caraway mac and cheese | mac and gubta mtumarta

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Butter for greasing the casserole
1 pound tubular pasta (chiocciole, also known as pipe rigate, is pictured here, but you could use elbow macaroni, cavatappi, or any other tubular noodle)
1/2 stick (1/4 cup) unsalted butter
3 tablespoons flour
3 cups whole milk
5 ounces chopped or crumbled minouri (or another creamy, crumbly, mild cheese, like feta, ricotta, or fresh goat cheese)
10 ounces grated fontina (or a stringy melting cheese, like non-fresh mozzarella or monterey jack)
5 ounces grated parmesan (or another sharp, dry, salty cheese, like pecorino romano)
1 egg
1/2 teaspoon fine sea salt, or to taste (if you’re substituting cheeses, adjust the salt as necessary)
Black pepper to taste (about 10 grinds)
1 1/2 to 2 teaspoons caraway seeds *
2 tablespoons melted unsalted butter
3 cups small-diced cubes of seeded rye
The greens of 1 or 2 green onions, sliced thinly (about 1 to 3 tablespoons, to taste)


  1. Bring at least 2 quarts of salted water to a boil, and grate the cheeses while you wait.
  2. Preheat the oven to 350° F.
  3. Butter a 9 x 13 inch casserole (or another similar oven-proof container, such as a large cast iron dutch oven, capable of holding 3 quarts).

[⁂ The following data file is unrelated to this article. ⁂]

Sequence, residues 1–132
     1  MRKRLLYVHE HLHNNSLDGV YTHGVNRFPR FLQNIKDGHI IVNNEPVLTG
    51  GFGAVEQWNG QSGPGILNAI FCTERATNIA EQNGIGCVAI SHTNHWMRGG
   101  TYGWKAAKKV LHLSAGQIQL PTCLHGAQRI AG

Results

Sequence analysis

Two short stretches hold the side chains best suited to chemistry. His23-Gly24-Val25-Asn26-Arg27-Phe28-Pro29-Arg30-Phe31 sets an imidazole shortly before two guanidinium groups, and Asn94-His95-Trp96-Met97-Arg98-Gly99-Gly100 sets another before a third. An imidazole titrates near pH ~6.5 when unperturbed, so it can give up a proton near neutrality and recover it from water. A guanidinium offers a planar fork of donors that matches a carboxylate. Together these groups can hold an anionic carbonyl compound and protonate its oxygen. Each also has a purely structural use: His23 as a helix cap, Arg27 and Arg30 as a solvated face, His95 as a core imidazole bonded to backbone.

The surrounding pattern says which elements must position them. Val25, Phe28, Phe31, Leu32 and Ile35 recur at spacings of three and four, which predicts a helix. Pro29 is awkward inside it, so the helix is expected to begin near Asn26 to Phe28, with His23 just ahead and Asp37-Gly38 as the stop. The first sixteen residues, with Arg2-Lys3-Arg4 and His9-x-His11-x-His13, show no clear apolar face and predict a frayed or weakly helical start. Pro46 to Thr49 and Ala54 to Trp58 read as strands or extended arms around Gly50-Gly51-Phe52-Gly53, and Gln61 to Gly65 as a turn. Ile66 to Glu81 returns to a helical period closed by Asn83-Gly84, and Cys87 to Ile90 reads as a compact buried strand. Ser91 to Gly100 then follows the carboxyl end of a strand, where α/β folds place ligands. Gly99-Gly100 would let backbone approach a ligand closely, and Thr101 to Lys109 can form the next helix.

4. Cook the pasta according to the package instructions, pulling it off the heat 1 or 2 minutes shy of al dente. It should be unpleasantly al dente, chewy with a very slightly stale center. Once it’s done, strain it and add it back to the stock pot.
  5. While the pasta is cooking (or immediately after), melt the 1/2 stick of butter in a saucepan over medium-low heat. Once it has melted, let it bubble for about 1 to 2 minutes, until the bubbling starts to get a little quieter, and then add the flour and whisk together immediately. Continue to whisk for about 3 minutes, until the mixture turns a little golden.
  6. Add the milk while whisking everything together. Raise the heat to medium-high and continue to whisk. Once it comes to a simmer and thickens, remove from heat.
  7. Whisk the minouri into the milk, breaking it up with your whisk against the side of the pan (it’s okay if it still looks a little lumpy).
  8. Add the fontina, parmesan, egg, salt, pepper, and caraway seeds to the warm milk and stir together to combine.
  9. Add the cheese sauce to the pasta and stir until it’s very evenly combined.
  10. Spoon the mac and cheese into the buttered casserole. Smooth it out a little with the back of a spoon.
  11. Evenly drizzle the 2 tablespoons melted butter over the rye cubes and toss together to coat. Sprinkle the bread cubes over the mac and cheese.
  12. Bake for 35 to 40 minutes, until it’s golden brown and cooked through.
  13. Garnish with green onions.


* Caraway is usually easy to find in the spice section of the supermarket (but it’s not flying off the shelves, so check the expiration date). I usually use 1 1/2 teaspoons of caraway, but some people prefer a stronger flavor, so adjust the seasoning to your preference. The amount you’ll add also depends on the flavor of your rye bread. Some rye breads are made with just a few caraway seeds sprinkled on top, while some have a ton of caraway flavor. I once made this with a very subtly flavored seeded rye, and had to use 2 full teaspoons of seeds. Use your own judgment, based on your own preference and your ingredients.